The authors propose that the intermediate layer with low volcanic velocities could be composed of sedimentary deposits sandwiched between the Hesperian and Amazonian basalts, or within the Amazonian basalts themselves. These results provide the first opportunity to compare seismic ground-truth measurements of the shallow subsurface to prior predictions based on orbital geological mapping. Prior to the landing, Dr. Knapmeyer-Endrun had already developed models of the velocity structure of the shallow subsurface at the InSight landing site based on terrestrial analogs. The actual measurements now indicate additional layering as well as more porous rocks in general. 

‘While the results help to better understand the geological processes in Elysium Planitia, comparison with pre-landing models is also valuable for future landed missions, since it can help to refine predictions,’ Knapmeyer-Endrun remarked. Knowledge of the properties of the shallow subsurface is required to assess, for example, its load-bearing capacity and trafficability for rovers. Besides, details on the layering in the shallow subsurface help to understand where it might still contain ground water or ice. Within the framework of his doctoral research at the University of Cologne, Sebastian Carrasco will continue to analyze the effect of the shallow structure of Elysium Planitia on marsquake recordings.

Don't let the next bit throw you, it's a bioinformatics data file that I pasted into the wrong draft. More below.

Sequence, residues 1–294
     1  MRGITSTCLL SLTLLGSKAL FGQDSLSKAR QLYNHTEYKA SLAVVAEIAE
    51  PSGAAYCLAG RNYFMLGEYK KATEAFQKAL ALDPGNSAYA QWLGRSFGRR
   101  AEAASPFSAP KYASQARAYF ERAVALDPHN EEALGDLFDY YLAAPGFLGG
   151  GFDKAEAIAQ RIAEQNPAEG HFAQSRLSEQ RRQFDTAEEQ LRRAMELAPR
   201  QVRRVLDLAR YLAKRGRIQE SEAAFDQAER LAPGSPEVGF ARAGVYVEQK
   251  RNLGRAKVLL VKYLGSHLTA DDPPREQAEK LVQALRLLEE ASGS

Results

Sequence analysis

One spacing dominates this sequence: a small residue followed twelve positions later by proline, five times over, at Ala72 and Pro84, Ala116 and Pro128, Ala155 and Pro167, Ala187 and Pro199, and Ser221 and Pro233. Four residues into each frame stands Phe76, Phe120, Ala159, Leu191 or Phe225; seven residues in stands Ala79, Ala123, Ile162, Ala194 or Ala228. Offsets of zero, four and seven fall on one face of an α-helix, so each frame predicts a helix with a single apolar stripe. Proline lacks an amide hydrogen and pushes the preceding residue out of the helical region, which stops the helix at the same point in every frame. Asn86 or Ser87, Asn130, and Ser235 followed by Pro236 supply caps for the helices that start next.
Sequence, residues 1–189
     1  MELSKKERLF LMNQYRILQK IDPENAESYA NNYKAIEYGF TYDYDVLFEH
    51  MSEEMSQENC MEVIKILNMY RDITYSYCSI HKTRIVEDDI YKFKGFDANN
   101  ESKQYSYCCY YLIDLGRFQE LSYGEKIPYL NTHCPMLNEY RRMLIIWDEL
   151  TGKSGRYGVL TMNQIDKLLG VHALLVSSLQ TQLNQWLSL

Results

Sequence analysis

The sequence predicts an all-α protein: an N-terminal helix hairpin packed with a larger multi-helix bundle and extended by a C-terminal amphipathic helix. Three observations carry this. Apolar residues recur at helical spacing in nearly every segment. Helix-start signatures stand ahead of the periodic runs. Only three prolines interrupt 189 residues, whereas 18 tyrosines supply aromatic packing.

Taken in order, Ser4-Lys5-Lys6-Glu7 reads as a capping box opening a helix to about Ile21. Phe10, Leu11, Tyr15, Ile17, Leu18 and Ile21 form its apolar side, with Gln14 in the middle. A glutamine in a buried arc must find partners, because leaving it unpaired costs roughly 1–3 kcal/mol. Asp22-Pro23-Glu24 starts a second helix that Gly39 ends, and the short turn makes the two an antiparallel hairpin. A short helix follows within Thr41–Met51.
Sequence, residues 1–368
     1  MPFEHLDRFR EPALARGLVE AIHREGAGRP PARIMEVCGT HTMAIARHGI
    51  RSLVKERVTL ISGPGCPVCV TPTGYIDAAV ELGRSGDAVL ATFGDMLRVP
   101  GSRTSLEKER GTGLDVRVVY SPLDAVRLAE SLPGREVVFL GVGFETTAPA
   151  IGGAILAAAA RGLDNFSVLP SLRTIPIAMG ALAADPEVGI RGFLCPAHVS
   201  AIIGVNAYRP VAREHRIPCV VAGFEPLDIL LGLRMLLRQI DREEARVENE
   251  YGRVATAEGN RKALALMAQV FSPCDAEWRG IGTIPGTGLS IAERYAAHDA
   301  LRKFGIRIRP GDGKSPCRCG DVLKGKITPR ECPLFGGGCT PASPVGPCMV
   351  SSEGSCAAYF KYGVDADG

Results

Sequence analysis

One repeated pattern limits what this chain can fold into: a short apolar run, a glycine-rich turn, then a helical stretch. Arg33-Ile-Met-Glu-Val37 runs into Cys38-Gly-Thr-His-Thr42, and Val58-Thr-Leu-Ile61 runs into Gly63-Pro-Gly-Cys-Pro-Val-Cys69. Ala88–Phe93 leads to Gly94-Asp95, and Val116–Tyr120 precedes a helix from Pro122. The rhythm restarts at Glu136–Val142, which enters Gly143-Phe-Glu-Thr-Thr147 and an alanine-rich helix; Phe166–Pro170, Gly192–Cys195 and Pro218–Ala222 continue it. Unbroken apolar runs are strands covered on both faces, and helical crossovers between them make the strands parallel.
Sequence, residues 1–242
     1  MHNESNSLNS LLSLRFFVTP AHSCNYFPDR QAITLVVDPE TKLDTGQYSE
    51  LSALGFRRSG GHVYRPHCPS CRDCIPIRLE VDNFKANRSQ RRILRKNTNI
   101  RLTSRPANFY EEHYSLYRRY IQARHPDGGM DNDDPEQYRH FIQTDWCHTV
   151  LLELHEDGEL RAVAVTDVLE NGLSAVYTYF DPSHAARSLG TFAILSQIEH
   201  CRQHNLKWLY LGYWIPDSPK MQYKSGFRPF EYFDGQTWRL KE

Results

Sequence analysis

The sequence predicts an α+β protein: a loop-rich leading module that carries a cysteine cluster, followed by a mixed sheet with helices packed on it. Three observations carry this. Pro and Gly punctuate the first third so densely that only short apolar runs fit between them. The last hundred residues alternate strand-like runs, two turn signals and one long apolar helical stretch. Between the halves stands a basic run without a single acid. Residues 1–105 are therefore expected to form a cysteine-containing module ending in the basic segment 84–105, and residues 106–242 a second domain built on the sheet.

The InSight lander arrived on Mars on November 26, 2018, touching down in the Elysium Planitia region. Mars has been the target of numerous planetary science missions, but the InSight mission is the first to specifically measure the subsurface using seismic methods. 

Reference: “The shallow structure of Mars at the InSight landing site from inversion of ambient vibrations” by M. Hobiger, M. Hallo, C. Schmelzbach, S. C. Stähler, D. Fäh, D. Giardini, M. Golombek, J. Clinton, N. Dahmen, G. Zenhäusern, B. Knapmeyer-Endrun, S. Carrasco, C. Charalambous, K. Hurst, S. Kedar and W. B. Banerdt, 23 November 2021, Nature Communications.
DOI: 10.1038/s41467-021-26957-7

Jet Propulsion Laboratory (JPL) manages InSight for NASA’s Science Mission Directorate. InSight is part of NASA’s Discovery Program, managed by the agency’s Marshall Space Flight Center in Huntsville, Alabama. Lockheed Martin Space in Denver built the InSight spacecraft, including its cruise stage and lander, and supports spacecraft operations for the mission. A number of European partners, including France’s Centre National d’Études Spatiales (CNES) and the German Aerospace Center (DLR), are supporting the InSight mission. CNES provided the Seismic Experiment for Interior Structure (SEIS) instrument to NASA, with the principal investigator at IPGP (Institut de Physique du Globe de Paris). Significant contributions for SEIS came from IPGP; the Max Planck Institute for Solar System Research (MPS) in Germany; the Swiss Federal Institute of Technology (ETH Zurich) in Switzerland; Imperial College London and Oxford University in the United Kingdom; and JPL.

GeologyInSightMarsMeteoritesNASAPopularSeismologyUniversity of Cologne
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  • The 10th Man

    You lying sacks of potatoes. You cannot image anything with just one sensor. I guess you think we are as stupid as you are.